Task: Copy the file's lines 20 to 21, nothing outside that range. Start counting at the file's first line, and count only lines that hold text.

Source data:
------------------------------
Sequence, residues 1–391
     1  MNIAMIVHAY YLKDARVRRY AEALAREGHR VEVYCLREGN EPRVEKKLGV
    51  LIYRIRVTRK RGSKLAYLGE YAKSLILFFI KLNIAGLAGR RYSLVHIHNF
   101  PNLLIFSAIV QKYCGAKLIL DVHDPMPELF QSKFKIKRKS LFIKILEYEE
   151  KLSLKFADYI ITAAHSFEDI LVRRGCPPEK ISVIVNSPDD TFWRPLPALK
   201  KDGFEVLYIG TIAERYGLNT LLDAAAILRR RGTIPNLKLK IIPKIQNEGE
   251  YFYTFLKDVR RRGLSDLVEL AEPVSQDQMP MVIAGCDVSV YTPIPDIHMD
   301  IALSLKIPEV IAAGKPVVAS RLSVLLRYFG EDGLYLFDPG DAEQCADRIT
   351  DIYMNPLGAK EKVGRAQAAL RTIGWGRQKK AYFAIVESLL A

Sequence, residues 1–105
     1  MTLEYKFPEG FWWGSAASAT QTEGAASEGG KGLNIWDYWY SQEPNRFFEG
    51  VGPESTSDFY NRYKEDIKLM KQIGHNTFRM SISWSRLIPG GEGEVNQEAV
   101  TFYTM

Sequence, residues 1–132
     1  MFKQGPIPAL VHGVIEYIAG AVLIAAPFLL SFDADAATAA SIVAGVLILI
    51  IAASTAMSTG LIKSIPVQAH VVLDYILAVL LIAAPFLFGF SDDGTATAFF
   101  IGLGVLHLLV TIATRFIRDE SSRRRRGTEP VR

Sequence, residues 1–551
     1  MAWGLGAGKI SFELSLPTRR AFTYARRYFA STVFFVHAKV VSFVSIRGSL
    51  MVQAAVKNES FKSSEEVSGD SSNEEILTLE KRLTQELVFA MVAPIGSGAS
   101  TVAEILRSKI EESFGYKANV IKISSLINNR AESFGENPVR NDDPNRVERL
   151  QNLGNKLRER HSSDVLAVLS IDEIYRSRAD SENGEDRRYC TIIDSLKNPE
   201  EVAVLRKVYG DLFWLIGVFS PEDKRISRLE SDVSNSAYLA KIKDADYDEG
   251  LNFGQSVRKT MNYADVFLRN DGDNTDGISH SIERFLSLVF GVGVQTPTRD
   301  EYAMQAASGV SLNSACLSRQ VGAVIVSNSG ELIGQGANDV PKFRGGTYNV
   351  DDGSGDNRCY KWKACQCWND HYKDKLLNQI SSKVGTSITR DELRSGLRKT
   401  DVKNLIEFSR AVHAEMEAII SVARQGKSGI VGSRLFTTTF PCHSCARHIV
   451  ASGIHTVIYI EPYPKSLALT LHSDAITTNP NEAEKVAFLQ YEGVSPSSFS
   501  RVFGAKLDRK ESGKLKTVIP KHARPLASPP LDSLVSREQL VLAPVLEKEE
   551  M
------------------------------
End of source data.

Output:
    51  MVQAAVKNES FKSSEEVSGD SSNEEILTLE KRLTQELVFA MVAPIGSGAS
   101  TVAEILRSKI EESFGYKANV IKISSLINNR AESFGENPVR NDDPNRVERL